Cirque de la Symphonie – March 18 or 19 at 8 p.m.
- $26.40 for one ticket for section D seating (up to $33 value)
- $35.20 for one ticket for section C, H, or M seating (up to $44 value)
- $47.20 for one ticket for section B or G seating (up to $59 value)
- $59.20 for one ticket for section A or F seating (up to $74 value)
- Click here to view the seating chart
Symphony in 60 — March 31 at 6 p.m.
- $25 for one general-admission ticket (up to $35 value)
- Symphony in 60 tickets include a pre-concert Happy Hour with free drinks and hors d’oeuvres.
Cirque de la Symphonie
The Cirque de la Symphonie delivers death-defying acrobatics, mind-blowing feats of balance, and chuckle-inducing achievements in clownery to a live soundtrack of symphonic classics. Teaming up with local orchestras as they embark on a world tour, the troupe treats audiences to what the SF Examiner describes as “beauty and delicacy . . . incredible precision and timing.” Such classic circus sights as aerial dancers scuttling up and down silks join a laughing strongman whose human weights are part of the act and the conductor as he controls dozens of musicians with nothing but a baton.
Symphony in 60: Sibelius—Symphony No. 2
This four-movement piece by the renowned Finnish composer has turned heads due to more than just its dramatic finale—many believe it was written as a call for Finland’s independence from Russia. Even though Sibelius himself never confirmed that, the symphony still has become so connected with the country’s struggle for independence that is popularly called the Symphony of Independence.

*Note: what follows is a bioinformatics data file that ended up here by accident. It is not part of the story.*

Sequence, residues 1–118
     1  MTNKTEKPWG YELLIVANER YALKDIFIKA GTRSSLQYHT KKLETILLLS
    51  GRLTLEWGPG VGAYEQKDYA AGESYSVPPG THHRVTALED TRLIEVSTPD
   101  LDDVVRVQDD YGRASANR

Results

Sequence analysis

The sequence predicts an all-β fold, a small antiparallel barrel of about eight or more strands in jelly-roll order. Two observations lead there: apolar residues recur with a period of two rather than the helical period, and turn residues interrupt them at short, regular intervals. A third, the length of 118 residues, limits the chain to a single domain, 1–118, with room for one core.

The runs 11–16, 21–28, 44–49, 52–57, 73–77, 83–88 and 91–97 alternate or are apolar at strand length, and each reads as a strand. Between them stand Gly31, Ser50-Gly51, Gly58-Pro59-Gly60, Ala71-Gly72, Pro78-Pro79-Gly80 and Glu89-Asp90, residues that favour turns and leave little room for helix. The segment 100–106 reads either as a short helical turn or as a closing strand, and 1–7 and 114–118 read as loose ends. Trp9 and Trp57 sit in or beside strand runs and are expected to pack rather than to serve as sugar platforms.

The Jacksonville Symphony held its first concert in 1950. Tickets were $1 each. Although inflation has taken its course in the half-century since, the Jacksonville Symphony has kept an eye on accessibility. They've partnered with entertainers ranging from Jack Benny (back in 1970) to Luciano Pavarotti to popular adult-contemporary musicians such as Jim Brickman. Each year, they give tens of thousands of schoolchildren the chance to participate in youth-oriented symphony events. And for music-lovers who can't make it to the JSO's dedicated venue, the highly harmonious Robert E. Jacoby Symphony Hall, there are Monday-night radio broadcasts.